When incumbent providers cannot serve the broadband needs of some localities, local governments should be allowed--no, encouraged--to step up to the plate and ensure that their citizens are not left on the wrong side of the great divide. So it is regrettable that some states are considering, and even passing, legislation that could hinder local solutions to bring the benefits of broadband to their communities. It's exactly the wrong way to go.
Cedar Falls Utility Gets High Bond Rating from Moody's
We have long been impressed with Cedar Falls Utilities (CFU) in Iowa. They built an incredibly successful municipal cable network that has now been upgraded to a FTTH network. CFU transfers $1.6 million into the town's general fund every year, reminding us that community owned networks often pay far more in taxes than the national cable and telephone companies.
Last week, Moody's Investor Service gave an investor-grade A-3 rating to revenue debt from CFU, another sign of its strong success.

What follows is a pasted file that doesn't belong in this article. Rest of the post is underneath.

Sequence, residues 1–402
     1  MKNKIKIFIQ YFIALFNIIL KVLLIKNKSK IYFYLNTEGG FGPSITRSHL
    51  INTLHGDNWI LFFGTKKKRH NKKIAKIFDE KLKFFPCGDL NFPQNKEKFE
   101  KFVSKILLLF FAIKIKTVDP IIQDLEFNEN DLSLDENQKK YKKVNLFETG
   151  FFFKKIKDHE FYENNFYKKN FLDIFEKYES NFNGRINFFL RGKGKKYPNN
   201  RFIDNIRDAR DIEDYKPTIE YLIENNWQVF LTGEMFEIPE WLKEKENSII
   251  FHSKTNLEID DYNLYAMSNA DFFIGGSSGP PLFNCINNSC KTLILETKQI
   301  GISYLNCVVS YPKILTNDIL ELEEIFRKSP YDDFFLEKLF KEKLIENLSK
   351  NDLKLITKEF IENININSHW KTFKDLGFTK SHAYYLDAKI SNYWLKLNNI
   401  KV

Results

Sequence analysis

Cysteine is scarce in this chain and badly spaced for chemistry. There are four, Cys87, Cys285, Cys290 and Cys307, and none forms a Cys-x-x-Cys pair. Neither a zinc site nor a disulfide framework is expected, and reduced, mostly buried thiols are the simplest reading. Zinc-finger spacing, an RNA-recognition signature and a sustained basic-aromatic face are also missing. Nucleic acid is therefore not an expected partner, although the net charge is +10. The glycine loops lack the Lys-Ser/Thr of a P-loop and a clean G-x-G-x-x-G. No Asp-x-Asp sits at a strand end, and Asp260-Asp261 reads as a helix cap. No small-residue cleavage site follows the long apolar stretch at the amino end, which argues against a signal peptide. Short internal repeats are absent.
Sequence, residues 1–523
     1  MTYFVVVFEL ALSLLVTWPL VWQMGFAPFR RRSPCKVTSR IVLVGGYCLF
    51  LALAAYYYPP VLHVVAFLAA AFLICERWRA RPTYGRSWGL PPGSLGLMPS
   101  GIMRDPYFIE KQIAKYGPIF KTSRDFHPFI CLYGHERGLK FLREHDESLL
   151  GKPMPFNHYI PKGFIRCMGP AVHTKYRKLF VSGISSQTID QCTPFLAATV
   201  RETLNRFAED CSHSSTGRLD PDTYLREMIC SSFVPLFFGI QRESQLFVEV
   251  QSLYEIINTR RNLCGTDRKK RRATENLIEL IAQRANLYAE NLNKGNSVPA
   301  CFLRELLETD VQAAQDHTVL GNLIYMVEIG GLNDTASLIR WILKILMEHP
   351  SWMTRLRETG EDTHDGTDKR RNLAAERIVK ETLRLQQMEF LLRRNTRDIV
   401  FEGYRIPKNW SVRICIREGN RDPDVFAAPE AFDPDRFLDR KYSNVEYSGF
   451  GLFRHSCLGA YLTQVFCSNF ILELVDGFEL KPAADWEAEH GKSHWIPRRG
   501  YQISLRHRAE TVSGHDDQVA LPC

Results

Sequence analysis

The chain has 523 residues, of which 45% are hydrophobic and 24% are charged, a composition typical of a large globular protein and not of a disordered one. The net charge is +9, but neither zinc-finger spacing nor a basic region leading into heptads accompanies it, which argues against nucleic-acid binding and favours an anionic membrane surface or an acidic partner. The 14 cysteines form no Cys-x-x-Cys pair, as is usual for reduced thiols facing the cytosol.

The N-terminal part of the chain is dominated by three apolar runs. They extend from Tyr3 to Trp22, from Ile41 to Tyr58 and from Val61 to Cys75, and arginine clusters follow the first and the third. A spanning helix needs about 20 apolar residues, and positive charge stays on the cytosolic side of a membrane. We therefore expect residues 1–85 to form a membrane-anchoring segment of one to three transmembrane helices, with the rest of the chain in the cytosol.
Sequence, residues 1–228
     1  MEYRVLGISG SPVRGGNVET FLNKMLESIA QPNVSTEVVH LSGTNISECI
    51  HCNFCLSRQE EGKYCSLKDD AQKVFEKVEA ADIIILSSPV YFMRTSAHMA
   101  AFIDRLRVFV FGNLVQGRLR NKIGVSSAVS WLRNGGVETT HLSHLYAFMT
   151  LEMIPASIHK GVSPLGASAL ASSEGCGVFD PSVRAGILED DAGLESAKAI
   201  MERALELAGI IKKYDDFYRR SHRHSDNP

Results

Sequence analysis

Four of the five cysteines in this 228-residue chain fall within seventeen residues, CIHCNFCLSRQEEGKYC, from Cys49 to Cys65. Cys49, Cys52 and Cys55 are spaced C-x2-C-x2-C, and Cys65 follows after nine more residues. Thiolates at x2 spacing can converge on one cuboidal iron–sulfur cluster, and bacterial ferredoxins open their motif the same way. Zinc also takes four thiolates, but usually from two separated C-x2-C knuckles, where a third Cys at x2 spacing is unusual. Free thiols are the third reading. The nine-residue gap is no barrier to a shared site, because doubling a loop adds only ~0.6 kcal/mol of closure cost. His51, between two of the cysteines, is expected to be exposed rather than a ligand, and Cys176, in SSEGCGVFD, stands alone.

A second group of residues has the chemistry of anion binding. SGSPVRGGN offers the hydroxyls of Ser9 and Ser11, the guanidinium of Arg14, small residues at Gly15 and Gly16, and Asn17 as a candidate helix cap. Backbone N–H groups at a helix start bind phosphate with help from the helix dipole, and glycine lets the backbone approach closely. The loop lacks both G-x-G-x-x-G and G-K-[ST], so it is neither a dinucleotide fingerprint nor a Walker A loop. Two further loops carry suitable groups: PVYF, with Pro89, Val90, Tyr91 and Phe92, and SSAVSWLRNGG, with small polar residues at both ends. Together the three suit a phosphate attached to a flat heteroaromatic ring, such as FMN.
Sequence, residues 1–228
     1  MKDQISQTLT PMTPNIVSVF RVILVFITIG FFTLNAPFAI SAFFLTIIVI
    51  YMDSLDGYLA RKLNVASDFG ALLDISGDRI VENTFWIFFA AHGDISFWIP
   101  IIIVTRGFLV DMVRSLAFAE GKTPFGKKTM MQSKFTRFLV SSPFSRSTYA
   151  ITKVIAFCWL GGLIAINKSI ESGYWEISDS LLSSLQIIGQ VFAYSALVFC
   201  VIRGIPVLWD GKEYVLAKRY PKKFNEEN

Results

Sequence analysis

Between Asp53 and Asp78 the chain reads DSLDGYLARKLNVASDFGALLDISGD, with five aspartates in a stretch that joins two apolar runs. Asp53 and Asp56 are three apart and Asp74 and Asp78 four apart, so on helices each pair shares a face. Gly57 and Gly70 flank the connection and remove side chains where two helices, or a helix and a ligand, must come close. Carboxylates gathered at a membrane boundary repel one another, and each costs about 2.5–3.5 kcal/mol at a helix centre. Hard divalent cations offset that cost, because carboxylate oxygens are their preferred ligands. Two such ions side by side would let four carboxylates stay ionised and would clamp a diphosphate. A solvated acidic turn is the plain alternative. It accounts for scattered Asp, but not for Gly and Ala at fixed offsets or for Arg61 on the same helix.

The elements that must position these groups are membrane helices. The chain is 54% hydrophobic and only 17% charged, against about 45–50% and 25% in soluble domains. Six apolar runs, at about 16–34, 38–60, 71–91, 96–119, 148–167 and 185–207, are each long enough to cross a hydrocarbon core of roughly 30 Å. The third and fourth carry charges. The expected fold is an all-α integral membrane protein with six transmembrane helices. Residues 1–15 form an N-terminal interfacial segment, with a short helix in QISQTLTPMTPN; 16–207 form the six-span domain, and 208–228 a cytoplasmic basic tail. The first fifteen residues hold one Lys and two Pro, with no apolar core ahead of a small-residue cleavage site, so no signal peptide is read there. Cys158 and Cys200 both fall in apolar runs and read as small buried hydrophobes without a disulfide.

Moody's rating report noted the utility's large market share, competitive pricing and product offerings, expansive fiber optic network, long-term financial planning and conservative budgeting practices as reasons for the continued strong rating of the utility's revenue debt.
CFU also compiles the community savings resulting from each of its services by comparing its rates to nearby communities (see most recent comparison [pdf]). The benefits total $7.7 million each year, almost $500 per family. This includes a $200 difference in cable TV bills and a $130 difference in Internet service.